OIG Clears Deal Involving Physician-Owned Medical Device Company | Rivkin Radler LLP


In a recent Advisory opinion, the Office of Inspector General (OIG) of the U.S. Department of Health and Human Services has determined that a deal involving certain physicians who own an equity stake in a medical device company that manufactures products that physicians can order owners (the “Company”) was not considered a suspicious medically owned concession. Although it concluded that the arrangement involved federal anti-bribery law and generated prohibited compensation, the OIG relied on specific aspects of the arrangement to determine that the risk of fraud and abuse was significantly reduced and administrative penalties would not be imposed.

For your information, the OIG has published a Special Fraud Alert in 2013 which set out its historic concern about physician-owned entities that derive revenue from the sale of implantable medical devices for use in procedures that their physician owners perform in hospitals or Ambulatory Surgical Centers (ASCs) . Arrangements that may be of particular concern to the OIG include those that require investors who cease to practice in the service area to divest their stakes, or that condition the referral of physicians to hospitals or CHWs on purchases by the establishment of the apparatuses of the entity belonging to the doctor. Through this lens, the OIG has analyzed the current arrangement.

Under the proposed arrangement, three doctors (A, B and C) are orthopedic surgeons and members of the same medical group (“Medical Group”). Physician A is a hand and upper extremity surgeon who established the company to develop upper extremity surgical technologies that he invented into medical devices that the company sells in the United States and elsewhere. Doctor B is Doctor A’s daughter and Doctor C is Doctor B’s husband. irrevocable: a trust created by Doctor A which benefits his spouse and their children, including Doctor B, and another trust created by the spouse of Doctor A which benefits Doctor A and their children, including Doctor B (the “Trusts”).

Physicians A and B are the only physicians with an equity interest in the Company who order products from the Company, and Physician C is the only immediate family member of a person with an equity interest in the Company who orders products from the society. As of the date of the advisory opinion, the Company has not made any distributions of profits to the owners of the Company, except for annual distributions intended to cover each owner’s tax liability arising from the owner’s participation. Future distributions to owners would be paid to all owners in direct proportion to their interests in the Company. Distributions to the Trusts are reduced by the amount of revenue generated by orders from any physician or medical group member that would otherwise be due to the Trust, which is referred to as the exclusion amount.

Physicians have also certified that while they may order the Company’s products for surgeries they personally perform in hospitals and ASCs that authorize the use of the Company’s products, and may recommend the Company to others, physicians will not otherwise attempt to influence hospitals or CHWs to purchase the Company’s Products.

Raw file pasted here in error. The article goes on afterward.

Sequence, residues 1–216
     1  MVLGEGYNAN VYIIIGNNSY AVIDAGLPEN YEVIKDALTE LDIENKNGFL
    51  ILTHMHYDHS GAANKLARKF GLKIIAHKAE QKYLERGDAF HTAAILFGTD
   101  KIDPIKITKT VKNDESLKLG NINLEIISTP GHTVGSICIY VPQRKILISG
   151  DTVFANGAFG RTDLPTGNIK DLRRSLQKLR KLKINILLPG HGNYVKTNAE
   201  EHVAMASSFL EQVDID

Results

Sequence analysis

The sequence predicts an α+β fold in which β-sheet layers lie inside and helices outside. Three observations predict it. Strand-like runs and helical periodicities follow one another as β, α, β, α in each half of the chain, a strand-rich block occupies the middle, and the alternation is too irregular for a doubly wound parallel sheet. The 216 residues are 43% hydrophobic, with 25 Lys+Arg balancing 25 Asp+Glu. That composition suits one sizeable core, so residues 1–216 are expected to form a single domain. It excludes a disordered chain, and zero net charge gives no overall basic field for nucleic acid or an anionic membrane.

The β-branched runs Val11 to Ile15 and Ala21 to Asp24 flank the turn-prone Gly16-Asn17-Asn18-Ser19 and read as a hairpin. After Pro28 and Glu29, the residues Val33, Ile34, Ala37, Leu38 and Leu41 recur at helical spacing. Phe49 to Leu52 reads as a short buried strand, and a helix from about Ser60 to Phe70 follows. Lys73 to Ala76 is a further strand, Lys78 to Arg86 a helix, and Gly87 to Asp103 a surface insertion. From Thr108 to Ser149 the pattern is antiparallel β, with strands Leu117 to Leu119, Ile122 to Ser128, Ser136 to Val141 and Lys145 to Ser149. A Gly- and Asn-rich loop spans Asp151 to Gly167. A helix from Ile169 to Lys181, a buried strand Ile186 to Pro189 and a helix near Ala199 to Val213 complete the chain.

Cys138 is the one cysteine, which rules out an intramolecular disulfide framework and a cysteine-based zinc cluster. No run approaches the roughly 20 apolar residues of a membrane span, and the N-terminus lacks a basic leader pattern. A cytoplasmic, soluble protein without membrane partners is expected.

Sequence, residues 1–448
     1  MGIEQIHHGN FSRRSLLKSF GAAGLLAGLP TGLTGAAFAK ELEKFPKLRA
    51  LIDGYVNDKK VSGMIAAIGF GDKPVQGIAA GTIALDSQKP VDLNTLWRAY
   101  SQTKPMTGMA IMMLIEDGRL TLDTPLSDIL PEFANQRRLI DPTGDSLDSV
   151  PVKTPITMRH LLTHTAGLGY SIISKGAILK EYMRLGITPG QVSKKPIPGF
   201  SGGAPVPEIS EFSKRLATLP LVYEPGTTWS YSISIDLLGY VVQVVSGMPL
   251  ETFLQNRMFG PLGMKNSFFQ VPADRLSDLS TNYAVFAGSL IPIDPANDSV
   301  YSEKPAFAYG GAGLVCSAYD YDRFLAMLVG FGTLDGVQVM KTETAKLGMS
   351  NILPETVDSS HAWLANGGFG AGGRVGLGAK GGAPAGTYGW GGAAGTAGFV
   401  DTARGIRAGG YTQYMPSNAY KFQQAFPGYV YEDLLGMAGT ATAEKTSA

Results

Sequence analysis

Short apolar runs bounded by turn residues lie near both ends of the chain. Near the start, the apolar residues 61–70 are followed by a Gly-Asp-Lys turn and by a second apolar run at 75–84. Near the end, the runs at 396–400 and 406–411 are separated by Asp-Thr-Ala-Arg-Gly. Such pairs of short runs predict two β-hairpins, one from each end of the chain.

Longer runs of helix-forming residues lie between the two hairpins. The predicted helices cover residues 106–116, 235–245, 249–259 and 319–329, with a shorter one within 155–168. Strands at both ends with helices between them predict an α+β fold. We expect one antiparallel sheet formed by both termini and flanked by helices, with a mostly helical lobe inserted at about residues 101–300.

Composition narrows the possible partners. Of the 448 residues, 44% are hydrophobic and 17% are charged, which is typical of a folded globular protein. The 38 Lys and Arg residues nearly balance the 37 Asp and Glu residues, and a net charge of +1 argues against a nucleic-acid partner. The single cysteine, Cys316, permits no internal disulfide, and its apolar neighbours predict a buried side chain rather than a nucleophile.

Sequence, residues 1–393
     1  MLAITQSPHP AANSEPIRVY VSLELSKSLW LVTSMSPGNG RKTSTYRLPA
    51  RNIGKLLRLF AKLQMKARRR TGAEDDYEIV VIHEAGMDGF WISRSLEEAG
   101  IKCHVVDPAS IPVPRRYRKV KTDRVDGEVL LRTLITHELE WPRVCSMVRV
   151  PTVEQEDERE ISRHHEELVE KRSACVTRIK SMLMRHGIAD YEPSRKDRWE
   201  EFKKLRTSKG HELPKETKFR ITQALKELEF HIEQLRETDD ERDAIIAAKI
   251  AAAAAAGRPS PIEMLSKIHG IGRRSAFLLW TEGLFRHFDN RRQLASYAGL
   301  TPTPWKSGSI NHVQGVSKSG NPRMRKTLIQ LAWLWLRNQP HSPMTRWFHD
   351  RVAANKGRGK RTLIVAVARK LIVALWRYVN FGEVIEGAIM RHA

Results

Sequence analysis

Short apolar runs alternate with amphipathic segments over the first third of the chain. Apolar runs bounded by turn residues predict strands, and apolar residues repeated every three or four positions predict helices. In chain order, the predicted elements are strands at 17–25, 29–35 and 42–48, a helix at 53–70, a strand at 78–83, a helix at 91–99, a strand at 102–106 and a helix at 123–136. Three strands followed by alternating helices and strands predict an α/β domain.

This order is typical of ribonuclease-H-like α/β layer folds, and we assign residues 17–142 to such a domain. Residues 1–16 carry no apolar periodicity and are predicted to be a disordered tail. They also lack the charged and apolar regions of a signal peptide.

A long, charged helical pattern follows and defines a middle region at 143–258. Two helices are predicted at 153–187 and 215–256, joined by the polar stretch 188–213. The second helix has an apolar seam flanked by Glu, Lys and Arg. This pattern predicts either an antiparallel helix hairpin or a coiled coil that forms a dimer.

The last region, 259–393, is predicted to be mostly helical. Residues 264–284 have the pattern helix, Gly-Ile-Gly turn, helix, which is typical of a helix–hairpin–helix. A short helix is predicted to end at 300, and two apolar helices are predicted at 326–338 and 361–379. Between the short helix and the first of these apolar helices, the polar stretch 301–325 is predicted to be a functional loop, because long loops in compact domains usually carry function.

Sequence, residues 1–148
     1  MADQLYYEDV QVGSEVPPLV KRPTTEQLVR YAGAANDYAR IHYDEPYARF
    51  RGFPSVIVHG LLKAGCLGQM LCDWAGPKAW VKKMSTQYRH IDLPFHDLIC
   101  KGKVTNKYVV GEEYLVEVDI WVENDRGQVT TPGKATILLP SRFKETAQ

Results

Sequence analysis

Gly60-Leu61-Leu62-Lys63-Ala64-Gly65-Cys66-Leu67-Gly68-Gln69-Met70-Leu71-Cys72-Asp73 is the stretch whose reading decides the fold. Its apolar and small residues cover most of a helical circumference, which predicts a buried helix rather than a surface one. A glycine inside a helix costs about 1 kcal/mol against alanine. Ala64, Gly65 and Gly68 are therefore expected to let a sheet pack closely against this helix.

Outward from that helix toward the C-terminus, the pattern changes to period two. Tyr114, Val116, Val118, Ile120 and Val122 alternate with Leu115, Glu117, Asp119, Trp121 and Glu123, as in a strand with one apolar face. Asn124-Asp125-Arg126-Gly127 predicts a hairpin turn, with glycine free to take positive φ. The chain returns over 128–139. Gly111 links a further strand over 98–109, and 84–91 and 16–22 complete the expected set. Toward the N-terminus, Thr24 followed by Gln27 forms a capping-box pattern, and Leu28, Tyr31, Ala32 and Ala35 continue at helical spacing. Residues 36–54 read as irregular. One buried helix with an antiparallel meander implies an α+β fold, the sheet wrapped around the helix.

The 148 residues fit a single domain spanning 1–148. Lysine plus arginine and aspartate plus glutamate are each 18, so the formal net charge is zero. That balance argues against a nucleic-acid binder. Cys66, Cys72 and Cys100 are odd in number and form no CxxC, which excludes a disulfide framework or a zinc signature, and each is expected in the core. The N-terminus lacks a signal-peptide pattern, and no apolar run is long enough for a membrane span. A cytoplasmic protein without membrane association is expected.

In confirming the arrangement, one of the aspects that the OIG noted was that the arrangement dilutes the financial incentives physicians may have to order the Company’s products by reducing any distribution to the trusts through the amount of the l ‘exclusion. The Company has also certified that it has not reserved the right to redeem the Trusts’ interest and that it will have no requirement that the Trusts dispose of their interests if any of the physicians ceases to practice medicine or to order from the Company. Overall, the OIG found that physicians and their medical group partners are transparent about the trusts’ stake in the company.

Other factors that reduce the risk of fraud and abuse, according to the OIG, are that the Company does not have the characteristics of a fictitious entity, including the fact that the Company develops medical products that are sold nationally and internationally; employs dozens of people; and is responsible for several operations such as product development and testing, marketing, inventory management, and submission of regulatory filings to the United States Food and Drug Administration and international regulatory agencies.

Significantly, devices sold or manufactured by physician-owned entities have generated less than one percent of all gross revenue generated from company sales in the United States in each of the past three years. Except for a slight increase from 2020 to 2021, the medical group’s order percentage has steadily declined over the past seven years, even as the company’s sales have expanded to include more physicians ordering the products and who have no stake in the company. .

Finally, the OIG noted that physicians’ various disclosures to patients, institutions, and the public further reduce the risk of fraud and abuse. These disclosures include patient advisories with names of alternative medical device companies in which neither the physicians nor any of their family members have any involvement.


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